These so-called "marine protected areas" fail to protect the ocean from fracking, offshore oil drilling, pollution, military testing, corporate aquaculture and all human impacts on the ocean other than fishing and gathering.

Not only did these so-called "Yosemites of the Sea" fail to protect the ocean, but they violate the traditional fishing and gathering rights of the Yurok Tribe and other Indian Nations and are based on terminally flawed and incomplete science. In fact, Ron LeValley, the Co-Chair of the MLPA Initiative Science Advisory Team for the North Coast, is currently in federal prison for conspiracy to embezzle $852,000 from the Yurok Tribe.

People need to understand that the millions Chevron and other oil companies have spent on lobbying, campaign contributions and setting up "Astroturf" groups promoting the oil industry agenda are small change to Big Oil. The five big oil companies - BP, Chevron, Conoco-Phillips, Exxon Mobil and Shell - made a combined total of $93 billion in profits last year. Big Oil's estimated profits in 2014 were over $96 billion.  

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Jerry Brown's True "Green" Legacy: The Death of the Delta?

by: Dan Bacher

Fri Jan 16, 2015 at 16:12:07 PM PST

The following is a revised transcript of the presentation that I gave when I was inducted into the California Outdoors Hall of Fame by Tom Stienstra, Outdoor Writer for the San Francisco Chronicle and award-winning author, at the ISE Show in Sacramento on January 11.

Tom Stienstra suggested that I include my 10 favorite destinations for fishing in California as part of my presentation today. These are the American River, Feather River, Sacramento River, Lake Valley Reservoir, Spicer Reservoir, Monterey Bay and Coast, Bodega Bay, San Francisco Bay, Fort Bragg and Trinity River.

Compiling this list was a really good exercise because although I've fished Costa Rica, Mexico, Alaska and British Columbia and many other places, this revealed that my favorite places to fish are close to home.

I also discovered that the one connecting thread of my 10 favorite destinations is that every one of these locations, from the Trinity River that is diverted to the Sacramento, to Monterey Bay, to Spicer Reservoir on the North Fork of the Stanislaus, is intimately connected to the Bay Delta Ecosystem.

If there is one message that I urge you to take home today, it is that if anglers, hunters and outdoors people don't stand up now, this precious ecosystem and all of the great trout, salmon, steelhead, striped bass, halibut, and other fisheries that we enjoy will be lost forever.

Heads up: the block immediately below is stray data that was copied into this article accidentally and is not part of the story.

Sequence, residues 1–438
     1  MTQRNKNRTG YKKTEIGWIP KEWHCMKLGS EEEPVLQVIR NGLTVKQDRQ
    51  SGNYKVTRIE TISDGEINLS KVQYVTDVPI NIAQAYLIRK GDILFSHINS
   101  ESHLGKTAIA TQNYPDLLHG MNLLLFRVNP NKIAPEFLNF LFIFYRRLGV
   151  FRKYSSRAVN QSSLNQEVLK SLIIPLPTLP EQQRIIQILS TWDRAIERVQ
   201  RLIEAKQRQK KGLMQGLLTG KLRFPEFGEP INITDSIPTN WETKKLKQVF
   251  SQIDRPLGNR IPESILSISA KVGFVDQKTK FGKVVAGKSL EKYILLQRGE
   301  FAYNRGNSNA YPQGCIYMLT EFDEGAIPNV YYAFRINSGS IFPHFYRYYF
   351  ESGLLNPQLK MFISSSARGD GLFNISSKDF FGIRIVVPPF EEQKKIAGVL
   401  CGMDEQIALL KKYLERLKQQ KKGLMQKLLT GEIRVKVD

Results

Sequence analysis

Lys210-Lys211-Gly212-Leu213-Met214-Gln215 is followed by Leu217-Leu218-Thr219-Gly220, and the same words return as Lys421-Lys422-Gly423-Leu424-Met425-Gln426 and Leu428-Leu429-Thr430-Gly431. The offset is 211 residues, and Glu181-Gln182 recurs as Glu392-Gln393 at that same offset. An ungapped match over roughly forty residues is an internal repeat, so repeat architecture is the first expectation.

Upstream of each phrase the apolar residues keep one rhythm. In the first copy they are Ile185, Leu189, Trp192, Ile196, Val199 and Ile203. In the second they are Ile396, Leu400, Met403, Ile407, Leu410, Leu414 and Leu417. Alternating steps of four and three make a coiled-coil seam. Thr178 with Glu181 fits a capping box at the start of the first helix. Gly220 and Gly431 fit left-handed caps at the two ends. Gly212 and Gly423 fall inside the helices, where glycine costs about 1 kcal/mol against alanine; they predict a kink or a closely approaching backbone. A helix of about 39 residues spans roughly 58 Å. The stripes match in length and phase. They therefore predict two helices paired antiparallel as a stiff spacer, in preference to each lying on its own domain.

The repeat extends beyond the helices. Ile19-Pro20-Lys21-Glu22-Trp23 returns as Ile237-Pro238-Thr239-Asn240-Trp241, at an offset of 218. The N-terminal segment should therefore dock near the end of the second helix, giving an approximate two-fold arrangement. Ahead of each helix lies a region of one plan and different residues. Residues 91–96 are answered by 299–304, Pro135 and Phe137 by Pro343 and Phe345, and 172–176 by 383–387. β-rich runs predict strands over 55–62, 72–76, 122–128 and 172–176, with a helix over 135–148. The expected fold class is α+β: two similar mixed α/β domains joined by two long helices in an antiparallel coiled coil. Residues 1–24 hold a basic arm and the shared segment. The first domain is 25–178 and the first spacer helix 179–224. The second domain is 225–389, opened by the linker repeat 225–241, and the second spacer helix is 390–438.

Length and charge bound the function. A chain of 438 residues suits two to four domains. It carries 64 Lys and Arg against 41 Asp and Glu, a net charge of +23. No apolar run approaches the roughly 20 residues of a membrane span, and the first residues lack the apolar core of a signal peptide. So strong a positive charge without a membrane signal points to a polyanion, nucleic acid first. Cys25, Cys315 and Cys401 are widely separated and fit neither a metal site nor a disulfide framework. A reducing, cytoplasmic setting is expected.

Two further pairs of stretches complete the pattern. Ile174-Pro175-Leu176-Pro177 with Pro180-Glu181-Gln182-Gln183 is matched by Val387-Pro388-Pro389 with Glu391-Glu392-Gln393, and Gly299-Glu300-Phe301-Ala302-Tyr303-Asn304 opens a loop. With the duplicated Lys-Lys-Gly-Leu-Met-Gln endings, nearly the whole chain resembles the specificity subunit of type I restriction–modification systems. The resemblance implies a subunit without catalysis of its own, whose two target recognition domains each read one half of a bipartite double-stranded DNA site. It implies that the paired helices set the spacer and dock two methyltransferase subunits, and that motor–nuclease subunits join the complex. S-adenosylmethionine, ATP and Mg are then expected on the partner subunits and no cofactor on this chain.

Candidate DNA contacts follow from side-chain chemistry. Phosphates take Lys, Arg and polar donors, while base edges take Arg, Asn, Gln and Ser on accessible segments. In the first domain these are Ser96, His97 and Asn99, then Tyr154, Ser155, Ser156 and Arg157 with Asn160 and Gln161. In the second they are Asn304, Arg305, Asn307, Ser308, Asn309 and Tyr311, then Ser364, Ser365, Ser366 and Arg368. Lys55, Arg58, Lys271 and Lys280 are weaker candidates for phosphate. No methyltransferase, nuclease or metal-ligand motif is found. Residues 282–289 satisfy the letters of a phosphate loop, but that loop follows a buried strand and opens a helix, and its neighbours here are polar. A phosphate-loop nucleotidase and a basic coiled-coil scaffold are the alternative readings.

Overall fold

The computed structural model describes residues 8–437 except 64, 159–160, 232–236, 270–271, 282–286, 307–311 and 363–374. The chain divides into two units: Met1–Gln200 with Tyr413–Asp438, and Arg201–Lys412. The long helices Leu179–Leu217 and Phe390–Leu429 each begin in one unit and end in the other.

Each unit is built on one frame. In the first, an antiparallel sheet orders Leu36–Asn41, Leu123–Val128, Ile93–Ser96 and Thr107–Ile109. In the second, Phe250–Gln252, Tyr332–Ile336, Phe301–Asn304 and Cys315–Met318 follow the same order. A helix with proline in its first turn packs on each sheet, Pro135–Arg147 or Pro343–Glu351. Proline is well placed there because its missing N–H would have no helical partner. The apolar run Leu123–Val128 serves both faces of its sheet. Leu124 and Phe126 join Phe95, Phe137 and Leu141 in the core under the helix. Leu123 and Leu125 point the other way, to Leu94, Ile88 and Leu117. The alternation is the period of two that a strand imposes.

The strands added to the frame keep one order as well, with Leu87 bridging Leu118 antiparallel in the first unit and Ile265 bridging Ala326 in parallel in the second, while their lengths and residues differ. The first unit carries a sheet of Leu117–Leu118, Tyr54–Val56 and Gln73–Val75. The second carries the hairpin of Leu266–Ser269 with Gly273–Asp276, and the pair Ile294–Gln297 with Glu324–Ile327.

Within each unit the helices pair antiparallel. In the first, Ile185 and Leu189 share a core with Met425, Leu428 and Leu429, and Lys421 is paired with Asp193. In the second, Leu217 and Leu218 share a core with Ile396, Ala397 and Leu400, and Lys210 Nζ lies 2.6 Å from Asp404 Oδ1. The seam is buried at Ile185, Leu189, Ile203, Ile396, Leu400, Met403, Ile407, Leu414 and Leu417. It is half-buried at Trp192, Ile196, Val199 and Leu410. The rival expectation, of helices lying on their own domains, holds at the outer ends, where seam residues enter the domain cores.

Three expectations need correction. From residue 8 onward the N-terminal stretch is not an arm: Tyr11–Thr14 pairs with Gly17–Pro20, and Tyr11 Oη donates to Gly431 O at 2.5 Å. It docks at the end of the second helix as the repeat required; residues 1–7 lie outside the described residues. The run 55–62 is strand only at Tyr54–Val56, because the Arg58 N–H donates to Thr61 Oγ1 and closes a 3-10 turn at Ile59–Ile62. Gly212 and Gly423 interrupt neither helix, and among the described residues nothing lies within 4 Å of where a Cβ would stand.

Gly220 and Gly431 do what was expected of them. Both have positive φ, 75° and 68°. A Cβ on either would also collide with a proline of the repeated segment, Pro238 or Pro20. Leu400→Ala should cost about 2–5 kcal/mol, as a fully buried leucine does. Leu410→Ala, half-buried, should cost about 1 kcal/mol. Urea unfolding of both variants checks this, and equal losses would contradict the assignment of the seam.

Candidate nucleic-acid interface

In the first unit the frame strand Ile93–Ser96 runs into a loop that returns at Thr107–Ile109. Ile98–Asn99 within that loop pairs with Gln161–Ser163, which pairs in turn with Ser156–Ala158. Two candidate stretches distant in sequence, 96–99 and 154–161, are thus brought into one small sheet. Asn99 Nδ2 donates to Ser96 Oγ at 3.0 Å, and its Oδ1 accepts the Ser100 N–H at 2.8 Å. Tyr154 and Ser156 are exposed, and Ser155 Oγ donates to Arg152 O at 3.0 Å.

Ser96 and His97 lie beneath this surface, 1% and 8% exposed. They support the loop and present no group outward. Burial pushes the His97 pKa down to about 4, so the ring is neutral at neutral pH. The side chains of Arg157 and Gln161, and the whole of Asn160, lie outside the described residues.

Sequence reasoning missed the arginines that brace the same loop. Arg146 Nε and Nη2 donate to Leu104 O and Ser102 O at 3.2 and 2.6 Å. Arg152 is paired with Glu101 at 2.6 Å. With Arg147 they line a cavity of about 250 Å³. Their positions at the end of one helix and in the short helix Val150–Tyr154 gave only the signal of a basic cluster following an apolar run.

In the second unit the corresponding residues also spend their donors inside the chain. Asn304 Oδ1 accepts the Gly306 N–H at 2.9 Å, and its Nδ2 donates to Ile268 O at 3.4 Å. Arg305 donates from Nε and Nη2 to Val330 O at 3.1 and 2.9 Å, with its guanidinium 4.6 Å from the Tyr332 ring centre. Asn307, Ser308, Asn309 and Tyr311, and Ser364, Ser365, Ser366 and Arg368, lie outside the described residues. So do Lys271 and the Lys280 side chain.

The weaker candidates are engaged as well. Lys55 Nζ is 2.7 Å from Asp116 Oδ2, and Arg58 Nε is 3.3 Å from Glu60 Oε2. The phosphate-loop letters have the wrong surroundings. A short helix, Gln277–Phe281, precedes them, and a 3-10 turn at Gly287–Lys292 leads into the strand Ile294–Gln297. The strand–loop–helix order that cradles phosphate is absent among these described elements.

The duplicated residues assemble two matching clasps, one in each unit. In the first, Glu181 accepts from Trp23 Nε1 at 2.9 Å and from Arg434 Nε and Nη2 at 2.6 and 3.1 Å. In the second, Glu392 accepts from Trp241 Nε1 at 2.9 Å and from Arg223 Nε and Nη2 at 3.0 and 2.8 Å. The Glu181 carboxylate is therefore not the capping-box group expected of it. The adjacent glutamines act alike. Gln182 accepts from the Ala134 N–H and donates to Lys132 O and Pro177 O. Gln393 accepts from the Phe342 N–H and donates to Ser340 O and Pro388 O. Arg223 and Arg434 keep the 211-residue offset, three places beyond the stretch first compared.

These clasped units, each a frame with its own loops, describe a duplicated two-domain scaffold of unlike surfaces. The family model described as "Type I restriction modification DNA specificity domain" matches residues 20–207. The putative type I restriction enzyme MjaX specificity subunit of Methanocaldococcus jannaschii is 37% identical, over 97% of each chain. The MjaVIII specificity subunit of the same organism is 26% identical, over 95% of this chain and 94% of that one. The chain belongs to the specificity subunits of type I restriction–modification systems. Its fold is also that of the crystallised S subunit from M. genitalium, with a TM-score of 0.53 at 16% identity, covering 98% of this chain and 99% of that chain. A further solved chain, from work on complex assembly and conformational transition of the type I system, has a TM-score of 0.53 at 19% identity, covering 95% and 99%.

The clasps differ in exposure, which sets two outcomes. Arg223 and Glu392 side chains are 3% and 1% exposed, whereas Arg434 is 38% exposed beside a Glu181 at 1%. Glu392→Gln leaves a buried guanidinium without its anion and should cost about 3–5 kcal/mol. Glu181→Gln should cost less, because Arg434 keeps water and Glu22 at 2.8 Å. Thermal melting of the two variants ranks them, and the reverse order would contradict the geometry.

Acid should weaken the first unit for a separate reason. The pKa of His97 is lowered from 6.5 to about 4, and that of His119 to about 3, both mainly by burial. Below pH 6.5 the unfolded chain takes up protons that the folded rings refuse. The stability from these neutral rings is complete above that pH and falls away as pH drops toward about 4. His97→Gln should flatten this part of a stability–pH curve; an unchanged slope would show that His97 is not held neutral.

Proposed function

There are two stories that I broke recently that really bring this home.  

American River steelhead collapse - On December 29, I found out from the Nimbus Fish Hatchery manager the alarming news that only 10 adult steelhead have returned to the American River. Normally there would be hundreds or thousands of these fish. Last year there were over 335 adults by the same time. In banner years, over 2,000 steelhead would have returned by this time.

As one who has spent many hours in meetings, rallies and events working to restore the river, this is very disappointing. The previous low for the river was 200 fish in 1994.

Nobody's really sure the reasons why the numbers are so low, but the mismanagement of Folsom Reservoir by the Brown and Obama administrations during the drought certainly played a key role. Folsom was drained to only 17 percent of capacity by the same time last year to provide export water to corporate agribusiness and Southern California water agencies. The cold water pool and carryover capacity were both imperiled by the draining and fishing was closed last winter to protect the steelhead.

Delta smelt and pelagic organism collapse - Last night I received dismal results of the California Department of Fish and Wildlife's Fall Midwater Trawl Survey on the Sacramento-San Joaquin River Delta. These revealed that the Delta smelt, an indicator species that demonstrates the health of the Delta, reached a new record low population level in 2014.

Department staff found a total of only eight smelt at a total of over 100 sites sampled each month from September through December.